A federal appeals court reaffirmed an earlier federal judge’s decision denying northwest suburban Lincolnshire the right to establish a right-to-work-ordinance.
The court ruled that while the National Labor Relations Act does allow individual states to pass right-to-work laws, the law does not provide wiggle room for states to pass that responsibility to local governments.
To do so would create “administrative nightmares” in the form of a patchwork of confusing and clashing local labor laws, U.S. 7th Circuit Court of Appeals Chief Circuit Judge Diane Wood pointed out in the unanimous opinion.
“No one would be able to figure out what is legal and what is not,” Wood wrote, explaining that Illinois alone has almost 7,000 local governments.
So-called “right-to-work” laws allow workers to opt out of paying union fees even if the very same workers benefit from union collective bargaining.
“The idea that businesses operate exclusively within [the village of Lincolnshire’s] borders strikes us as fanciful,” Wood wrote. “Is an employee subject to an agency agreement one day, when his job takes him to nearby Chicago, and not the next day, when he happens to be working on-site in Lincolnshire?”
Wood compared the situation to Medicaid.
“States have the power to choose whether to opt into Medicaid, but that power must be exercised by the state as a whole and cannot be re-delegated,” she wrote in the decision.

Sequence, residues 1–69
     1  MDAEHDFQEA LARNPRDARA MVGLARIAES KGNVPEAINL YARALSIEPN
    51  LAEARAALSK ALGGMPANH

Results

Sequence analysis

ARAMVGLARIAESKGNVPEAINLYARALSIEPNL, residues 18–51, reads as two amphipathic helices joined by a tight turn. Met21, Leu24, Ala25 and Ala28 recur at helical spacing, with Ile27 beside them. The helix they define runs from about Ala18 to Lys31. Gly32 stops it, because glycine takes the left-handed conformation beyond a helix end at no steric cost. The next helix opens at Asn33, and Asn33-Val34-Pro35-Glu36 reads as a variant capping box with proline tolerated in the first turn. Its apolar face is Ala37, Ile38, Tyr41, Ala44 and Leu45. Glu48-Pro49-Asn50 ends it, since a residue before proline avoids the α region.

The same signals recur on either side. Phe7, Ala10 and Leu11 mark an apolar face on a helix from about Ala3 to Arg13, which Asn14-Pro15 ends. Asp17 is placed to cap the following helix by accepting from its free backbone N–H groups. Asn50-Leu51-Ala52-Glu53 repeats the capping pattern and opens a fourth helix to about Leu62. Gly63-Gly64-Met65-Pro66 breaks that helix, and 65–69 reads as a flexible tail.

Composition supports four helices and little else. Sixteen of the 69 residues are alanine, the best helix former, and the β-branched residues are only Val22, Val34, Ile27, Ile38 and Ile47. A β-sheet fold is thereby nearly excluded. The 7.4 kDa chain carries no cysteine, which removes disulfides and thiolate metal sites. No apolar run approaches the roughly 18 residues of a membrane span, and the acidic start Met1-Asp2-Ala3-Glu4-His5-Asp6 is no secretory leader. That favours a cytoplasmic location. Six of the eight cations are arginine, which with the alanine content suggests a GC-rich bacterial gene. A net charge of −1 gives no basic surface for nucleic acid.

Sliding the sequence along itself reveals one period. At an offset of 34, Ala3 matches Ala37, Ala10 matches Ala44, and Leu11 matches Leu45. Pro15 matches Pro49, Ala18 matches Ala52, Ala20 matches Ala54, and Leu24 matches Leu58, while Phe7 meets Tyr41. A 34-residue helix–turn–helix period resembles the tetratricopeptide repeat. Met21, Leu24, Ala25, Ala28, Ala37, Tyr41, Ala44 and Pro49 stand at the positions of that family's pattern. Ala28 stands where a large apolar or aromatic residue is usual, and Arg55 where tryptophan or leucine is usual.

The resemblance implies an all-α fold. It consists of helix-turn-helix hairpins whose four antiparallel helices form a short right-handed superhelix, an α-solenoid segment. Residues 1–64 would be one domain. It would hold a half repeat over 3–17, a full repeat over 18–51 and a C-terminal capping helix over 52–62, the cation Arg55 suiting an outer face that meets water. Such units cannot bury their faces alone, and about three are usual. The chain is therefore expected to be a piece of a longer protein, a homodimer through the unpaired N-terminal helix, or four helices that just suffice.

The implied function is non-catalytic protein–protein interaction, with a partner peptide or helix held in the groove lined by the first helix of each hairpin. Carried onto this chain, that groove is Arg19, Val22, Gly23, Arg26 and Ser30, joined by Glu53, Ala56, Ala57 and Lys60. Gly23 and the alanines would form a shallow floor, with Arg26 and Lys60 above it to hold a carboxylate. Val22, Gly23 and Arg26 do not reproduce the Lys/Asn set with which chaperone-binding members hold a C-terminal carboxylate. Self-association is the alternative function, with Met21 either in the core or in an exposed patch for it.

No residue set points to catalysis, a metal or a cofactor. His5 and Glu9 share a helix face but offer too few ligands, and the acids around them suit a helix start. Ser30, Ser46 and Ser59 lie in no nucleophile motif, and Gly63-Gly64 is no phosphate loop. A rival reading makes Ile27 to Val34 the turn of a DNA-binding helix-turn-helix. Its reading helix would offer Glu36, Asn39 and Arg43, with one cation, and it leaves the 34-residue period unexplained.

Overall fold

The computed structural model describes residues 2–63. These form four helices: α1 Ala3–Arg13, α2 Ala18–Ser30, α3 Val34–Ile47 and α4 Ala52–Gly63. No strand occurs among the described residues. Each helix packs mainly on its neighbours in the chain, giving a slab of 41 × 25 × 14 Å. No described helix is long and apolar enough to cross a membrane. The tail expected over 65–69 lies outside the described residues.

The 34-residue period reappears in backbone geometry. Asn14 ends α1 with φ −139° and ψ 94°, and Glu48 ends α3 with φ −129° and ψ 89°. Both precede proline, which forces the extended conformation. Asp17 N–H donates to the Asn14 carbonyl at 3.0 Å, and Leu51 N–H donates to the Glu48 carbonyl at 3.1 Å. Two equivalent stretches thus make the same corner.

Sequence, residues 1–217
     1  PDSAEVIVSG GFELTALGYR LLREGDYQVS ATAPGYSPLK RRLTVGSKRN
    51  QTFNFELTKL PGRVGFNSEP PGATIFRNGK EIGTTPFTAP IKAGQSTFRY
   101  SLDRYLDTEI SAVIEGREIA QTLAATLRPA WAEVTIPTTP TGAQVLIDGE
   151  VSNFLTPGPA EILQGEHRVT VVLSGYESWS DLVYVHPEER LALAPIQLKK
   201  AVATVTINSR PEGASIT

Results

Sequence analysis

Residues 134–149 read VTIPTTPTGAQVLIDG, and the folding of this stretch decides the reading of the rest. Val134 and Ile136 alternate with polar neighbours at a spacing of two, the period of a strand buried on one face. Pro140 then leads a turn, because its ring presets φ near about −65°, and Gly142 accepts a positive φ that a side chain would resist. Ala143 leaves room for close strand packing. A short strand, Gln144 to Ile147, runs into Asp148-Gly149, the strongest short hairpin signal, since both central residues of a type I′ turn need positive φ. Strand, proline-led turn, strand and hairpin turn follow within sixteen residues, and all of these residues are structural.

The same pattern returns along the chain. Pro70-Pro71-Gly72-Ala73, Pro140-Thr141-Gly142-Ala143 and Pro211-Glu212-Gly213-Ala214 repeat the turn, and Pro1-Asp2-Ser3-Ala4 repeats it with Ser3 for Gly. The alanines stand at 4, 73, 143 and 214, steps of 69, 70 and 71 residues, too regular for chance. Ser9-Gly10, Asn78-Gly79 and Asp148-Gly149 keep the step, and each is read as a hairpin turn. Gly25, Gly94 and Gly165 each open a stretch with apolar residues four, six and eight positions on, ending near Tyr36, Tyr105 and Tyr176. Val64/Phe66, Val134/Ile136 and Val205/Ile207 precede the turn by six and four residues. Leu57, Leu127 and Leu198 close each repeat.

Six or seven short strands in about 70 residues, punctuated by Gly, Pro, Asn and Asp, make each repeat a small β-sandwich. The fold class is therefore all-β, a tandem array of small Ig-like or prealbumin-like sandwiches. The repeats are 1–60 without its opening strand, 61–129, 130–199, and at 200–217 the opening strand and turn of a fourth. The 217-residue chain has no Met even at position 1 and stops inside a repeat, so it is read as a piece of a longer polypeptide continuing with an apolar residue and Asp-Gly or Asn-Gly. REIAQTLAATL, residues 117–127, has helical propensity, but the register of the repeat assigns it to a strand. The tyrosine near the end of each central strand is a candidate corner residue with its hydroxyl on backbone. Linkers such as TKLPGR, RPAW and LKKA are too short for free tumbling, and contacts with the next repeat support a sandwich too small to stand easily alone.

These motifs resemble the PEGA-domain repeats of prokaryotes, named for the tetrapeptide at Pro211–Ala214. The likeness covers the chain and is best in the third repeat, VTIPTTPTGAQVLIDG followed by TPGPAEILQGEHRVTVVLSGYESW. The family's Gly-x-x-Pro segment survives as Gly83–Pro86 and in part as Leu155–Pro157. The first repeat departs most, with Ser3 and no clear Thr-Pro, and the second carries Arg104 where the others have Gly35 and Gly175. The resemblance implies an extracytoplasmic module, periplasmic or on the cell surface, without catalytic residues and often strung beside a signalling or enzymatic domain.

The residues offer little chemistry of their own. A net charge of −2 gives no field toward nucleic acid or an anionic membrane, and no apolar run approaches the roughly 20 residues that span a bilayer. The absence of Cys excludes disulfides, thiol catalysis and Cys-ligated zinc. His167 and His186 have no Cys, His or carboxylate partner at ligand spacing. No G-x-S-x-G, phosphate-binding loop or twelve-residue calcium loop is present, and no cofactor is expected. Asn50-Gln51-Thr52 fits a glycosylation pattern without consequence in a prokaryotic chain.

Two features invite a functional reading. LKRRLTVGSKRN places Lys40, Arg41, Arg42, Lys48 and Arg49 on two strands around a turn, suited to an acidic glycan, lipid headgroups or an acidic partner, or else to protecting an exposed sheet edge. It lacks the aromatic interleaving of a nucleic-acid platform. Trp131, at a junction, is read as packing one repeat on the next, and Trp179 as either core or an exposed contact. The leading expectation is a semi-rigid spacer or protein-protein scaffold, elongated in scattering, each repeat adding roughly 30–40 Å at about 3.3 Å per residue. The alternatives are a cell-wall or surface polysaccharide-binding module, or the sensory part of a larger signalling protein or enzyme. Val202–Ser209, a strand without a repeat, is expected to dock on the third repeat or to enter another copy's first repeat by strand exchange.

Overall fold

Lincolnshire in 2015 enacted a right-to-work ordinance. The ordinance was challenged in federal court by several unions. In January 2017, U.S. District Judge Matthew Kennelly ruled in favor of the unions.
Friday’s 7th Circuit Appeals Court decision, however, runs counter to a 2016 6th Circuit Court of Appeals decision that reviewed a right-to-work case in Kentucky and ruled in favor of the ability of municipalities to establish right-to-work laws.
“We now have a split between the 6th and 7th Circuit Courts, which presents us with the opportunity to appeal this case to the U.S. Supreme Court. We intend to do so,” said Diana Rickert of the Chicago-based Liberty Justice Center, which represented Lincolnshire.
The Justice Center — which is affiliated with the Illinois Policy Institute, a conservative think tank — also represented former Illinois state worker Mark Janus, whose case against “fair share” union payments resulted in a Supreme Court decision in June that was major blow to public-sector labor groups across the country.
Terrance McGann, an attorney representing the Chicago Regional Council of Carpenters in the lawsuit, said he “could only anticipate the case would be well received” but hopes the issue does not reach the Supreme Court.
“Judge Kennelly’s ruling, as well as the 7th Circuit’s backing that ruling, are both legally sound,” he said. “My concern is the Supreme Court may want to make this fit a rationale that fits a political agenda.”